“Right as we’re looking to increase our screen count in early March, theaters all across the country — some of which have been running the nominees for over two months — are dying to bring in new films,” said Carlin. “We are also very proactive about getting tickets on sale as early as possible. At the Metrograph, tickets have been on sale for over month, and we already have multiple sold-out shows. It’s been tremendously helpful when talking to exhibitors to point to those sales as an early barometer of success. We’re holding our breath, but we think this could have a very big opening weekend.”
In addition to today’s NYC bow at the Metrograph, Kedi will bow February 17 at a handful of L.A.-area locations and expand in the following weeks..
Jolly LLB 2
Director-writer: Subhash Kapoor
Cast: Akshay Kumar, Huma Qureshi
FIP will open Indian drama Jolly LLB 2, a follow-up to 2013’s Jolly LLB, which grossed $5 million at the Indian box office that year, though it did not make it to North American shores. The company decided to take advantage of its bankable cast in bringing the second installment here.
“We decided to mount the sequel Jolly LLB 2, which stars one of the biggest Bollywood actors, Akshay Kumar,” said Rohit Sharma, head of International Sales and Distribution at Fox Star Studios India. “The idea was to take the franchise to the next level. We are currently looking at a 3,500-screen release in India and over 600 screens across 36 countries. In the U.S. it’s being released across 172 screens day-and-date with India on the 10th of February. The film is a satire on the Indian legal system, and the trailer and promos have generated a great response across all markets.”
Jolly LLB 2 is the story of the blunt, abrasive and yet oddly compassionate Jagdishwar Mishra, aka Jolly, a struggling small-time lawyer who has moved from Kanpur to the city of Nawabs to pursue his dream of becoming a big-time lawyer. A hustler by nature, Jolly survives by fighting petty cases and using every tactic under the sun to make a quick buck and earn a decent living. Having spent years in the chaotic and dingy court corridors, Jolly is looking for an opportunity that could turn the tide in his favor and help him achieve his dream of becoming a full-fledged lawyer with a chamber. When faced with the glimpse of such an opportunity, Jolly jumps at the chance and in the process commits an innocent mistake with irreversible consequences that makes him ready for a big fight with the ruthless advocate Mathur.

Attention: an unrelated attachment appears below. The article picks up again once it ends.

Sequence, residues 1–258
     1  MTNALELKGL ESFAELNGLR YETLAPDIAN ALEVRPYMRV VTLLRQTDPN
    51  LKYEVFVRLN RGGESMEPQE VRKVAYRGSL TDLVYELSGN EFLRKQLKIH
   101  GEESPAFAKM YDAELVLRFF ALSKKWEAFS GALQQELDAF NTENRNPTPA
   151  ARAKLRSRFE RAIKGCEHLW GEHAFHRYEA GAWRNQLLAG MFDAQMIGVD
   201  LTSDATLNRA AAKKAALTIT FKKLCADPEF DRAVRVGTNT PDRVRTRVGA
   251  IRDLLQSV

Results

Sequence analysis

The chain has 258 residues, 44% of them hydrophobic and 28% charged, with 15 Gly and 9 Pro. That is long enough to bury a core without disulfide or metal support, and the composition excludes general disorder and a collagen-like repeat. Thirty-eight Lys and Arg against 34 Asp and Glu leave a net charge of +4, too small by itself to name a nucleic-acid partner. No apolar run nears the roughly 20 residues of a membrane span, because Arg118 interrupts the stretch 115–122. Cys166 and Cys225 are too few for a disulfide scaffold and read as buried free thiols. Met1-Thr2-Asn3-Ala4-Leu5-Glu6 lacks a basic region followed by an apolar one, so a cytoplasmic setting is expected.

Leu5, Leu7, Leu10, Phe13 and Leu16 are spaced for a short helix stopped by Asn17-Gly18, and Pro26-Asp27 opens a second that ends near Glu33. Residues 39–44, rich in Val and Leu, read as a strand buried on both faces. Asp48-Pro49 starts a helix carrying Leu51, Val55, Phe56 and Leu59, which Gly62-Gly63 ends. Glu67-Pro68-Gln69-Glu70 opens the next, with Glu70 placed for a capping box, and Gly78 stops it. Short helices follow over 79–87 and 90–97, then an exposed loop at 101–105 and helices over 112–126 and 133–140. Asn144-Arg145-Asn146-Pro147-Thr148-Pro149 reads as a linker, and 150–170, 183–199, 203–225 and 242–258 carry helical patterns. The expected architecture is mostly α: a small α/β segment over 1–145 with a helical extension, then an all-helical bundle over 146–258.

“We are promoting the film across all Indian pay TV channels that are available across North America,” said Sharma. “In addition we have an aggressive campaign across other media platforms such as print, radio, Internet and local cable channels targeting the Indian and South Asian audience.”
Sharma noted that the past three films starring Kumar have crossed $1M at the U.S. box office.
Directors: Han Han, Zhang Hongwei
Writer: Yu Meng
Cast: Deng Chao, Eddie Peng, Zhao Liying, Dong Zijian
Distributor: China Lion
China Lion picked up Chinese comedy Duckweed from Hong Kong-based film company Distribution Workshop. The company noted that Duckweed boasts some acting heavy-hitters including Deng Chao, who starred in Stephen Chow’s The Mermaid (Sony, $3.23M in the U.S.) and China Lion’s I Belonged to You (over $744K), and Eddie Peng (Universal’s upcoming The Great Wall) in addition to Zhao Liying, who is a well-known television star in mainland China.
“Both Peng and Chao have been great at engaging the North American audiences in both social media and interactively,” said China Lion’s Robert Lundberg. “They’re real professionals who step up to the promotional plate in helping us get the word out. And Han Han, who directs, has a tremendous profile in China. The last film he helmed, [2014’s] The Continent, was a big hit in the Mainland, grossing over $100M.”
Duckweed centers on a young man who attempts to reconcile with his father, but a series of fateful events propel him to experience the father’s life in the past. China Lion said the title, which opened just at the end of January in China, has grossed about $70M at home.
“The word-of-mouth has been positive, and we’re confident our core first-language Chinese speakers ware interested in seeing it on the big screen,” added Lundberg. “We were worried about finding a space for it near the beginning of the Chinese New Year period, so we opted for a February 10 [rollout], two weeks after its Mainland release.”
China Lion opens Duckweed in about 25 theaters today and plans to expand in following weeks based on performance.